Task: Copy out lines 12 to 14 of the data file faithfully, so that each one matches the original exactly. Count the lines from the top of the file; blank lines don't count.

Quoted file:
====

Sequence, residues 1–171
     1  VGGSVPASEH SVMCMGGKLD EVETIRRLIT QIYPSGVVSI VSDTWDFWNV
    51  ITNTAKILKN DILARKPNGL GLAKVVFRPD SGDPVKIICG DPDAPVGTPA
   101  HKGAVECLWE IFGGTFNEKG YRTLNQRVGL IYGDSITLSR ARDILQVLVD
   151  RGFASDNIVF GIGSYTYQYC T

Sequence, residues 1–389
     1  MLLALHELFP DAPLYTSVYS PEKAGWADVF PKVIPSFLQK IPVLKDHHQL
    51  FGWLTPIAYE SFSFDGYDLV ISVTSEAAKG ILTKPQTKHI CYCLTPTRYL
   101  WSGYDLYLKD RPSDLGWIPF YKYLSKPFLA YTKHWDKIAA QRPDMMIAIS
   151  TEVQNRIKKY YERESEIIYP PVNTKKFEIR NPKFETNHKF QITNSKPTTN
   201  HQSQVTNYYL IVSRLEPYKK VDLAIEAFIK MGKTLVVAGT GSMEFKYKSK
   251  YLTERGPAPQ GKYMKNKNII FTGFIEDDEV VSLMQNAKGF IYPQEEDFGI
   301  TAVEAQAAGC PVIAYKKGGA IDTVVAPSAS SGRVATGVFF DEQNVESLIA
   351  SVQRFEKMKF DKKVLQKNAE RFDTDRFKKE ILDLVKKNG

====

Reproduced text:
   251  YLTERGPAPQ GKYMKNKNII FTGFIEDDEV VSLMQNAKGF IYPQEEDFGI
   301  TAVEAQAAGC PVIAYKKGGA IDTVVAPSAS SGRVATGVFF DEQNVESLIA
   351  SVQRFEKMKF DKKVLQKNAE RFDTDRFKKE ILDLVKKNG